A former Peace Corps volunteer and teacher, Carolyn Young is a candidate for the District 5 seat on the Lancaster County School Board in November.
A native of St. Louis, Young graduated from high school in Chattanooga, Tenn., before attending Vanderbilt University and earning a bachelor’s in philosophy. She also studied at the International Christian University in Japan, Georgetown University, Providence College and San Diego State University. She can often be recognized on her four or five mile walks around Irvington.
Young has been selected to participate in the 2017-18 Lead Northern Neck/Visions leadership forum. This program connects area leaders by training them in a year-long program to help each network and further community and economic development in Lancaster and neighboring counties.
Young and her husband Bill, a retired U.S. Navy captain, have lived in Irvington nearly 14 years. During their 30 years as a Navy family, they lived in Florida, California, Rhode Island, Bermuda, Japan and Virginia. They have three adult children and nine grandchildren, four of whom are Tanzanian and in the process of being adopted.
Her daughter is a high school counselor in Charlottesville, and the sons and their spouses are foreign service officers with the U.S. Agency for International Development, currently serving in Egypt and Tanzania. “My father was a foreign service officer in South Korea and South Vietnam. He was evacuated during the final days of the war. My grandfather worked in China before the revolution,” added Young.
“The Navy gave me the opportunity to be a parent and teacher in many excellent school systems, coast to coast and overseas. I have more than 19 years of experience teaching high school and college math. That, alongside over 20 moves,” Young said.
“My life experiences have given me the belief that each of our students should graduate from Lancaster High School with either a job or a letter of acceptance for further study. To make this happen, our career and technical and academic programs should be accessible to all students within our Lancaster schools, and the Lancaster County community should open up opportunities for apprenticeships to further a real workplace experience. A contractual relationship between students and LMS and LHS would ideally begin in 7th grade.”
While her husband was a volunteer assistant coach for the LHS basketball team, Young was the team tutor. She tutored in both math and SAT/ACT preparation for nearly a decade in the high school.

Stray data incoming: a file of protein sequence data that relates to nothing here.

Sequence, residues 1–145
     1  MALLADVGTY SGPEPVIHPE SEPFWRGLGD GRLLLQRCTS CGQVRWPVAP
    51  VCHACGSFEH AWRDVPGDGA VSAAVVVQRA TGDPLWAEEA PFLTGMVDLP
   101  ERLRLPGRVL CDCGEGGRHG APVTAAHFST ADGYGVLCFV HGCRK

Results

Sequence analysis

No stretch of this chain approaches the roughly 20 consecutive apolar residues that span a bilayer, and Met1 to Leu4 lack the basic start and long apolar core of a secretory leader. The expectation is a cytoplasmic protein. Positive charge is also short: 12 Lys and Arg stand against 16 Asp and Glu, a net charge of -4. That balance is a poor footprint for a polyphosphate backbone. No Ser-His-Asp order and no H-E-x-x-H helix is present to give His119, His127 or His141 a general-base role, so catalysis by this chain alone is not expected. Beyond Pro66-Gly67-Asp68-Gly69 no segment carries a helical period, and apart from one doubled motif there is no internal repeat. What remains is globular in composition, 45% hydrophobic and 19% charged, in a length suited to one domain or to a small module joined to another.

After Bill’s retirement from the U.S. Navy, Young and her husband taught three years at Christchurch School. She explained what followed: “Our youngest son announced at Christmas that he and his girlfriend were planning to be married immediately after graduation and to go into the Peace Corps. Surprised and intrigued by the news, we drove to William and Mary the very next day for a scheduled Peace Corps presentation to its graduating students. They practically signed us up on the spot. Older volunteers were being enthusiastically recruited,” Young said.
Young taught high school English in Lutsk, Ukraine, and worked with her husband, who coached the first ever girls’ softball team in the western part of the country.
“Governor Terry McAuliffe’s niece was also a Peace Corps volunteer at the time and was part of the coaching staff,” she said.
After moving to the Northern Neck, Young became active in many community activities. An elder at Campbell Memorial Presbyterian Church, Young is moderator of both the Agape Endowment Fund and the Personnel Committee. She is co-moderator of Missions. She served on the board of directors of The Link for three years and is a current member of its Advisory Committee.
Young’s work with the Agape Fund and The Link gave her the opportunity to help in the development of the Lancaster County Public School Volunteer Coordinator Program. She and her husband worked with the middle school principal on a prototype a year earlier than the school system’s Volunteer Coordinator Program was initiated. “Director Sandy Armstrong tapped us as her advisory committee,” said Young.
The Agape Fund is funding a new robotics program at the middle school and high school as well as the Early College Academy, a partnership between Rappahannock Community College and LHS.
“Our Lancaster County Public Schools and the community itself are anchored together and will grow together. Many of our residents are anxious to join in the new efforts of the School Board and Board of Supervisors by volunteering their own career skills, workplace experiences, scientific and other academic expertise, and journalistic or theater arts talents. Let’s swing the doors open both ways and together our schools and our citizens will find real pride in ownership,” she said.